Consciousness and Mind presents David Rosenthal's influential work on the nature of consciousness. Central to that work is Rosenthal's higher-order-thought theory of consciousness, according to which a sensation, thought, or other mental state is conscious if one has a higher-order thought that one is in that state. The first four essays develop various aspects of that theory. The next three essays present Rosenthal's homomorphism theory of mental qualities and qualitative consciousness, and show how that theory fits (...) with and helps sustain the HOT theory. A crucial feature of homomorphism theory is that it individuates and taxonomizes mental qualities independently of the way we're conscious of them, and indeed independently of our being conscious of them at all. So the theory accommodates the qualitative character not only of conscious sensations and perceptions, but also of those which fall outside our stream of consciousness. Rosenthal argues that, because this account of mental qualities makes no appeal to consciousness, it enables us to dispel such traditional quandaries as the alleged conceivability of undetectable quality inversion, and to disarm various apparent obstacles to explaining qualitative consciousness and understanding its nature. Six further essays build on the HOT theory to explain various important features of consciousness, among them the complex connections that hold in humans between consciousness and speech, the self-interpretative aspect of consciousness, and the compelling sense we have that consciousness is unified. Two of the essays, one an extended treatment of homomorphism theory, appear here for the first time. There is also a substantive introduction, which draws out the connections between the essays and highlights their implications. (shrink)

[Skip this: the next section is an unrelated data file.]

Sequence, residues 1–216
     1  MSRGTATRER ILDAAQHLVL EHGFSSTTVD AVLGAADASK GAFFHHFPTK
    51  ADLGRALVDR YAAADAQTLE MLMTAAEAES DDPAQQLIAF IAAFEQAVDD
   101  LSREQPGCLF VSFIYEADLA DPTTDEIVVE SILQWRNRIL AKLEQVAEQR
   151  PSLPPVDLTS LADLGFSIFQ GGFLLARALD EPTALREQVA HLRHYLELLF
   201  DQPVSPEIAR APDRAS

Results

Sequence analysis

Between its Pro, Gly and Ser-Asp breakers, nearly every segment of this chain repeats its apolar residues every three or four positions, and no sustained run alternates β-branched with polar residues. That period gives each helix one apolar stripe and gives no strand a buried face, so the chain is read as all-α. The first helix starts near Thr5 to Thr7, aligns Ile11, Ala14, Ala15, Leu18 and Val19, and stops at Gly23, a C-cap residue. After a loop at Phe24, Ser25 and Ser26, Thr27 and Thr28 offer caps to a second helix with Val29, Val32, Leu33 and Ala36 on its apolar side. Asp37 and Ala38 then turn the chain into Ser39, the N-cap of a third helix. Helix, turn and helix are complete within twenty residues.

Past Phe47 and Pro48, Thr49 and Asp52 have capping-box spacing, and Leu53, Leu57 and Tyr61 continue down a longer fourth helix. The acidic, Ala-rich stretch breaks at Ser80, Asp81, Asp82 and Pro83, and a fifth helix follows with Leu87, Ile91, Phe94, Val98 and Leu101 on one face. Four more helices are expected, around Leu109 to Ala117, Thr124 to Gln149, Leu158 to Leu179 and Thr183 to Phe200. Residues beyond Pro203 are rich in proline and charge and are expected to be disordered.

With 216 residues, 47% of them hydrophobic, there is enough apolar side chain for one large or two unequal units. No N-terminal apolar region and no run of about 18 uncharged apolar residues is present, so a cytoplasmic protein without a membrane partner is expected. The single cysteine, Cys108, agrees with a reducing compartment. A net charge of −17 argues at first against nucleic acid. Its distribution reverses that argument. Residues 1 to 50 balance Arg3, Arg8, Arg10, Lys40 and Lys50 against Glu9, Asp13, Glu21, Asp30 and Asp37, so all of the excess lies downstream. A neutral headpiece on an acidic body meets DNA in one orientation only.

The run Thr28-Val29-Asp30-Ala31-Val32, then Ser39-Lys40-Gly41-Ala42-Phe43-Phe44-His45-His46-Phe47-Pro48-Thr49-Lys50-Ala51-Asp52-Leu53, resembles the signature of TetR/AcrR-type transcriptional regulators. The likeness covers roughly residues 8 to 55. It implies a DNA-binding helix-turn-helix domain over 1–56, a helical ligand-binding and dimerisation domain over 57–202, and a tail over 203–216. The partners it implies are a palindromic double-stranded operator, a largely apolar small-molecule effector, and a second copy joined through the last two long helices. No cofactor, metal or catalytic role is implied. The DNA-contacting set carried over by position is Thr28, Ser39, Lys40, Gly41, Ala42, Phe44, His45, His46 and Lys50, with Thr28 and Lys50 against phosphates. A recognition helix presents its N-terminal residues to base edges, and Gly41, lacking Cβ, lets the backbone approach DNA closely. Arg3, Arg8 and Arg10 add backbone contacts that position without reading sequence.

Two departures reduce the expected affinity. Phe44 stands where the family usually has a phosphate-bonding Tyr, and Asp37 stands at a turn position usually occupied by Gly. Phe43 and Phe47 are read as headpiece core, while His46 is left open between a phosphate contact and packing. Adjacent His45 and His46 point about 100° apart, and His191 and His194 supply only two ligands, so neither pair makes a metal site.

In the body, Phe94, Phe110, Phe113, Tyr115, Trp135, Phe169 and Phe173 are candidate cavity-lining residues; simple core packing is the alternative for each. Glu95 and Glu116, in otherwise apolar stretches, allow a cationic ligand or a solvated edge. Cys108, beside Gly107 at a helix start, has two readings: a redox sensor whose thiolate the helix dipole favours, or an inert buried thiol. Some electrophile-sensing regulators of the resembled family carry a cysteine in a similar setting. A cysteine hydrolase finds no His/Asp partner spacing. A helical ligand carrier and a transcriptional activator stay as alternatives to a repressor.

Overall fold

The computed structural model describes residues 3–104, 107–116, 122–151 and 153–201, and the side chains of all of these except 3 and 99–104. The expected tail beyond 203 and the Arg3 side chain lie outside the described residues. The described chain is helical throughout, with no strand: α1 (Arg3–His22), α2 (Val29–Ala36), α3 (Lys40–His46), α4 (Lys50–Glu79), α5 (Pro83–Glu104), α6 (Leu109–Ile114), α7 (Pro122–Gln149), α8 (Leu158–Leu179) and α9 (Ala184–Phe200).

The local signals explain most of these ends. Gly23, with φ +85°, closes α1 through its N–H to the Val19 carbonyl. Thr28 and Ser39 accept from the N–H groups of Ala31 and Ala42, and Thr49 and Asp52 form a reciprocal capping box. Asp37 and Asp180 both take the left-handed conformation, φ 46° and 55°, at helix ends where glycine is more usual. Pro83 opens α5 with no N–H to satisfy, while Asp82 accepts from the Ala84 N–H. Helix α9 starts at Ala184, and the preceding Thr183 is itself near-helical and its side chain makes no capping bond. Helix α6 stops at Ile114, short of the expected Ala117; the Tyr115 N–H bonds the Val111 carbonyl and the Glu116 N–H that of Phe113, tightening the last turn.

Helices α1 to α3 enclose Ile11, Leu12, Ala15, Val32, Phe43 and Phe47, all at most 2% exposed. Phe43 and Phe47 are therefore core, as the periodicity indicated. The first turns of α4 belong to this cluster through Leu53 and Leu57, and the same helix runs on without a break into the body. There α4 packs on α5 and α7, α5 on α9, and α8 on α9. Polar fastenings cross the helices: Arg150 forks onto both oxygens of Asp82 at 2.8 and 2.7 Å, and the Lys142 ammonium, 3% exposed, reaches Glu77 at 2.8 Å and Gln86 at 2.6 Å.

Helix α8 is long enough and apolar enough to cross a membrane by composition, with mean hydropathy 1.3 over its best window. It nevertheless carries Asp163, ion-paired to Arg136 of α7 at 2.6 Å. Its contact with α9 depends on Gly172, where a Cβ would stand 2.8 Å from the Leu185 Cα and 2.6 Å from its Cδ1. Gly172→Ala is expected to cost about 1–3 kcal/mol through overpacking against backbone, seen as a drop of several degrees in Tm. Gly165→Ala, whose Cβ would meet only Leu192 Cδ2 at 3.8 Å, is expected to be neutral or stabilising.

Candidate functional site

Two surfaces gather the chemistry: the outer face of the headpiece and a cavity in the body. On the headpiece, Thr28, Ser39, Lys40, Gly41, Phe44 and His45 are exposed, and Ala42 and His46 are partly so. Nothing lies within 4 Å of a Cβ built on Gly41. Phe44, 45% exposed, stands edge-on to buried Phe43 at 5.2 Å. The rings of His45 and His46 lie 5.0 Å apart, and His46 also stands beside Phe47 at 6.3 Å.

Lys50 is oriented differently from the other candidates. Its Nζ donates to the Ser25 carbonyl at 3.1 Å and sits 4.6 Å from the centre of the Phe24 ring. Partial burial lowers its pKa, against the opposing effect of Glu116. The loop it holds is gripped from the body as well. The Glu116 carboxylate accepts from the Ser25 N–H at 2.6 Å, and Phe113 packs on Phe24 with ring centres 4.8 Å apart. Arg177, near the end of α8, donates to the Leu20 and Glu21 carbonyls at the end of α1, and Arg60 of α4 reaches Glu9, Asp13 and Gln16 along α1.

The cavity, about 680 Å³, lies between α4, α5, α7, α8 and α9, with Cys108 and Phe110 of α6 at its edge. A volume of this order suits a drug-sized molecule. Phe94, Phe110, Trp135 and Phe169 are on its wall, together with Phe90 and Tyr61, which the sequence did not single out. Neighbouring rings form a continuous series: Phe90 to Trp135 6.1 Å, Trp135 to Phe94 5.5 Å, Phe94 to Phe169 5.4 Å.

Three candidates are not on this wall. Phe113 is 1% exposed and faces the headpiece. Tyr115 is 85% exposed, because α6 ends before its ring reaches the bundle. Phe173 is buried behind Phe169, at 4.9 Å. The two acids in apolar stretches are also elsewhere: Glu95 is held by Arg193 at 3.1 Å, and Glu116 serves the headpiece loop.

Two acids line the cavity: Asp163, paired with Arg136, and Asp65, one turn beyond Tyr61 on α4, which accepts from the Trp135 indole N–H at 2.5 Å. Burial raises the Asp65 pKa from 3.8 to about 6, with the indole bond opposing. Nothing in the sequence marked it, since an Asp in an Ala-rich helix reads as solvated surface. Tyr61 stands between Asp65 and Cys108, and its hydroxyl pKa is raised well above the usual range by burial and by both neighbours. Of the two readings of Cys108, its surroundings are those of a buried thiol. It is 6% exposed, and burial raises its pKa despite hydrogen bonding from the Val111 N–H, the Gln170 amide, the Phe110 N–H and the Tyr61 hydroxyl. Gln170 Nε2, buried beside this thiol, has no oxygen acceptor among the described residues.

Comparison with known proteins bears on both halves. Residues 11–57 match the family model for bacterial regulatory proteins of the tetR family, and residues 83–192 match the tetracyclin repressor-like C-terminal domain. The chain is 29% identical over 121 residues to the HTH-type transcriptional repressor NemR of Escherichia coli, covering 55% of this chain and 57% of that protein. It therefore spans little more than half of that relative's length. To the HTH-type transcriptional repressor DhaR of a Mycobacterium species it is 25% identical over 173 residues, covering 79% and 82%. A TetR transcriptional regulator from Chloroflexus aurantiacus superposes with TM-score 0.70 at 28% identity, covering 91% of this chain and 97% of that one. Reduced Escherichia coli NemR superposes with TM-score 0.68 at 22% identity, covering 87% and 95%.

In recent years, the scientific study of meditation and psychedelic drugs has seen remarkable developments. The increased focus on meditation in cognitive neuroscience has led to a cross-cultural classification of standard meditation styles validated by functional and structural neuroanatomical data. Meanwhile, the renaissance of psychedelic research has shed light on the neurophysiology of altered states of consciousness induced by classical psychedelics, such as psilocybin and LSD, whose effects are mainly mediated by agonism of serotonin receptors. Few attempts have been (...) made at bridging these two domains of inquiry, despite intriguing evidence of overlap between the phenomenology and neurophysiology of meditation practice and psychedelic states. In particular, many contemplative traditions explicitly aim at dissolving the sense of self by eliciting altered states of consciousness through meditation, while classical psychedelics are known to produce significant disruptions of self-consciousness, a phenomenon known as drug-induced ego dissolution. In this article, we discuss available evidence regarding convergences and differences between phenomenological and neurophysiological data on meditation practice and psychedelic drug-induced states, with a particular emphasis on alterations of self-experience. While both meditation and psychedelics may disrupt self-consciousness and underlying neural processes, we emphasize that neither meditation nor psychedelic states can be conceived as simple, uniform categories. Moreover, we suggest that there are important phenomenological differences even between conscious states described as experiences of self-loss. As a result, we propose that self-consciousness may be best construed as a multidimensional construct, and that “self-loss,” far from being an unequivocal phenomenon, can take several forms. Indeed, various aspects of self-consciousness, including narrative aspects linked to autobiographical memory, self-related thoughts and mental time travel, and embodied aspects rooted in multisensory processes, may be differently affected by psychedelics and meditation practices. Finally, we consider long-term outcomes of experiences of self-loss induced by meditation and psychedelics on individual traits and prosocial behavior. We call for caution regarding the problematic conflation of temporary states of self-loss with “selflessness” as a behavioral or social trait, although there is preliminary evidence that correlations between short-term experiences of self-loss and long-term trait alterations may exist. (shrink)